This blog posting inaugurates a new feature, series blogs. When I think an topic is particularly important, I will blog several times about the topic. Each series will get its own listing in categories, so you can quickly find the whole sequence.
I am starting with a series on outcome measures because they remain somewhat controversial within the access to justice community, and I think it is important to lay out where we are and where we can and should be going.
Let me start by going back to the medical analogy. Those of us who are thinking about treatments and drugs, and potentially life-changing choices constantly worry about things like impact on life expectancy. While we may quibble (with energy) about the importance of designing quality of life outcome measures that value more than just time gained — and indeed I am enrolling in just such a study to validate such measures with respect to my disease — the fact is that we would be lost without that data on outcomes. Imagine if we had to rely on an oncologist saying “Oh, we think that we have found from experience that this drug is better than that,” or “we tell you to hope for the best and prepare for the worst.” (One of my favorite lines from Terms of Endearment is when the Shirley Mclaine character, in response to a doctor saying that that is what he tells all his patients, she shoots back, “And they let you get away with it.”)
But without validated and legitimate outcome measures that’s exactly where we are in the legal system. And, just as it would be hard for the medical system to get much research money if they had not committed to studies based on outcome measures a few years before they they went for the big federal money, we are going to find it very difficult to get innovation and research money unless we can show that we are learning from the investments we make. Indeed, while some would worry that it is unethical to do randomized experiments, I would argue that it may be more unethical to continue to “treat” people’s legal problems if we refuse to use available techniques to get data from which we could make better choices about how to do so.
But even at the substantive level, how can we even argue for innovation if it will not teach us anything? How can we propose simplification, for example, if we have no way of looking at what the impact of any changes are? How can we design incentives for simplification if we have no way of measuring what the benefit is?
How, similarly, can be we make decisions as to who would need and benefit from what services, unless we have a way of measuring the impact on outcomes of different services in different situations? Without outcome measures, any triage systems will be intuitive at best, and surely inconsistent in their application.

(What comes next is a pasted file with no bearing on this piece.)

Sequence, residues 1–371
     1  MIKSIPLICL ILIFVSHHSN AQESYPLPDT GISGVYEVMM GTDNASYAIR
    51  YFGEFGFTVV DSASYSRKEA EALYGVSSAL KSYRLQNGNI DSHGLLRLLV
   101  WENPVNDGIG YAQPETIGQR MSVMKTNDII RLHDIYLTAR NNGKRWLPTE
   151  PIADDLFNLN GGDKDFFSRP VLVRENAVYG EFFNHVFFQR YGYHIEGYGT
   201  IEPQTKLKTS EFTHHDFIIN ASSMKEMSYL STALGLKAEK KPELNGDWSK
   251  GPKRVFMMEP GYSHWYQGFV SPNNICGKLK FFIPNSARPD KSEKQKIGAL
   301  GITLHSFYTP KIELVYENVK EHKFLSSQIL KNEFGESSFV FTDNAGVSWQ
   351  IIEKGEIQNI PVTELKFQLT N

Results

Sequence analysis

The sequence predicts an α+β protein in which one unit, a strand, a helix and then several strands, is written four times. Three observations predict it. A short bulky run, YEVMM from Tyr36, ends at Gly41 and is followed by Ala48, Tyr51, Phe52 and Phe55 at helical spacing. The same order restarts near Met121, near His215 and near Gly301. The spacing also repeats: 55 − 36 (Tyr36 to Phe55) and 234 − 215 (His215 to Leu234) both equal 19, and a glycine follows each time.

Perhaps most importantly in this moment of unqie opportunity, how can we develop and test strategies for 100% access without the “realistic and measurable outcomes” urged by the CCJ/COSCA Resolution.
So we, and by “we” I mean both courts and advocacy organizations, have to get over this hump and design accepted, legitimate, and validated outcome measures.
I would note that one of the hesitations about doing so comes from the continuing confusion about the relationship between what courts need from such measures and what representation/advocacy organizations need. The two sets of needs have to be different, because advocates want to get the best possible result for each of their clients, while courts want to be fair, neutral, and accessible to all. I have come to believe that it is possible to develop an overall system of outcome measures that meets the goal of reflecting these different needs and perspectives, and yet ultimately allows the two kinds of institutions to be assessed as an integrated whole.
I don’t think either the courts nor the advocacy groups have the right perspectives for appropriate outcome measures. Instead, they should reflect the views of the litigants themselves. That is the only legitimate perspective.
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Hi Richard – I agree as well. You raise an important issue (or maybe obstacle is a better word) in your last paragraph. In my experience it has been difficult to get stakeholders to agree on what outcomes to measure. There are many options – economic, social, service efficiency, satisfaction, and on and on. There is also a fear of the unknown – will outcomes tell people what they do not want to hear. From the development perspective, we are often pulled into ‘less-than-innovative’ outcome measurement because donors and policy makers want easily digestible measures (eg. how many people served). But having a more beneficial measure of outcomes is important for the reasons you mention. In the development world, I need to explain to decision-makers why we should invest in justice as opposed to sectors such as health, education or infrastructure. Which as you can imagine is not an easy sell.